Last week, The Convergence Consulting Group’s latest research report, "The Battle for the American Couch Potato," received a lot of press. The title of the report is a separate blog topic"”what I’m here to discuss is the company’s "major finding" that by the end of 2009, nearly 800,000 households in the US had "cut the cord""”dumping their cable, satellite, or telco TV providers for Web-based videos and downloadable shows.
Articles featuring this finding popped up everywhere on the web with titles like "Can TV Everywhere stop the cord-cutting trend?", "Telcos navigate couch potatoes and cord-cutters", "Is it worth it to dump your TV for online streaming", and "Cord cutting numbers up and accelerating as more turn to web."
The hype died down quickly. After all, 800,000 households cutting the pay TV cord is less than 1% of the approximate 100M US households who subscribe to TV.Â As substitutes such as Hulu, Boxee, Netflix and the likes of Google, Microsoft, Amazon and Apple continue to gain momentum in the space and as TV audiences watch more and more shows online, it’s certainly a trend worth monitoring. But, for now, most of us good ol’ couch potatoes continue to research and shop online for pay TV services, among other telecommunications services.
As shown in the chart below, visitors to the MSO and Telco websites are increasingly researching and shopping for Video or Pay TV services.
* Companies included in analysis: AT&T, Cablevision, Comcast, Cox, Time Warner, and Verizon
** Product visitors is defined as traffic to any Learn or Shopping pages and includes Ad Landing Pages
- In Q1 2010, 36% of online Product visitors viewed Video/Pay TV Product pages, a 9 point increase over Q1 2009
- On a volume basis, Video/Pay TV Product pages saw an additional 1 Million online visitors in Q1 2010 over Q1 2009
- This chart also shows that while Broadband was the most visited product in Q1 2009, Bundles became the most visited product in Q1 2010,Â further suggesting that people are not ready to pull the Pay TV cord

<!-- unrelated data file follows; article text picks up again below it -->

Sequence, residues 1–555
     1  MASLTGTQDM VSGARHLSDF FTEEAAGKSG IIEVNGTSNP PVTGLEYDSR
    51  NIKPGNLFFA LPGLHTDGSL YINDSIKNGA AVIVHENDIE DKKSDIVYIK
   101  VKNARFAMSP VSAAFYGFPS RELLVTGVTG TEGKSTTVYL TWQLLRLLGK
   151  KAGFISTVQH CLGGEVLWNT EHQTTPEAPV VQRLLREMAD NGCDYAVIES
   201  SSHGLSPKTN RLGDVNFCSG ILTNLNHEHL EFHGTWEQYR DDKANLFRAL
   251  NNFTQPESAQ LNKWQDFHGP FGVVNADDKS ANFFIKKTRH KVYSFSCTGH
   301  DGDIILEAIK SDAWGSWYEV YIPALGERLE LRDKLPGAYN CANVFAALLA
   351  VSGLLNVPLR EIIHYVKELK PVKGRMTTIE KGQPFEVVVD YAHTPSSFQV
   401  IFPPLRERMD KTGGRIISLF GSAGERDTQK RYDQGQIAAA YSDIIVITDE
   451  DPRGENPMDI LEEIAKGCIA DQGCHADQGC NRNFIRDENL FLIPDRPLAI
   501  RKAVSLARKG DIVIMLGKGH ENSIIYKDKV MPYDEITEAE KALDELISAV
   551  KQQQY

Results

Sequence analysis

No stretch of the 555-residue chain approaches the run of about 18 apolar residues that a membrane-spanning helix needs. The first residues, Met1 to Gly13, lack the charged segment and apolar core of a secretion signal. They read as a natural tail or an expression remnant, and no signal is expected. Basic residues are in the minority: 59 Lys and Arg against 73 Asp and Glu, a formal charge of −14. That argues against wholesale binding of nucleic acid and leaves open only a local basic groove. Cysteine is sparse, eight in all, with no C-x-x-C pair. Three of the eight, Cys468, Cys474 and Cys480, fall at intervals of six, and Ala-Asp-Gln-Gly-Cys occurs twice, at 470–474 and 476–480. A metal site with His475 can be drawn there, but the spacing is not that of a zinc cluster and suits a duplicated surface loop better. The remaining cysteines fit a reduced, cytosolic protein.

So, now that we know the death of Pay TV is not around the corner, how are the Multiple System Operators (MSOs) performing against the Telcos in terms of share of total online product shoppers?
As evidenced in the chart below, the Telcos are holding on to their market share leads across Bundles, Video and Broadband. Verizon and AT&T’s large online and offline advertising budgets and marketing strategies seem to be driving consumers online to research and shop for their services. The MSOs, as a whole, have not been able to chip away at share despite anti-DSL marketing campaigns, heavily discounted promotions and other tactics.
Getting consumers to the site and to the product pages is certainly just one piece of the pie. At Compete, we also look at the competitors’ effectiveness at getting shoppers through the funnel"”to the online shopping cart and to online order completion.
Here we’ll look at online orders. Â Between Q1 2009 and Q1 2010, the MSOs, as a whole, lost market share to the Telcos in online orders among Broadband, Video and Bundle shoppers.
- Most notably, the MSOs lost more than half of their market share to the Telcos in terms of online orders among Bundle shoppers between Q1 2009 and Q1 2010
- Further, the MSOs gave up 9 percentage points to the Telcos when looking at online orders among Video shoppers
- While not shown in the chart, overall online orders among Video and Bundles increased in the same time period. Orders among Broadband shoppers were flat and those among Voice shoppers declined
The Telcos have raised the playing field realizing that the online channel should not be treated as a passive channel, but rather an active channel to help convert shoppers into buyers and to reduce acquisition costs. Not only are they offering very competitive online only offers, but they are enhancing the experience, making it easier to research and buy telecommunications services online.
Surely, this is looking at Telcos v. MSOs as a whole so there are certainly more insights to glean on a competitor by competitor basis. But one thing is certain: the Telcos do seem to be navigating couch potatoes and cord cutters better than the MSOs online.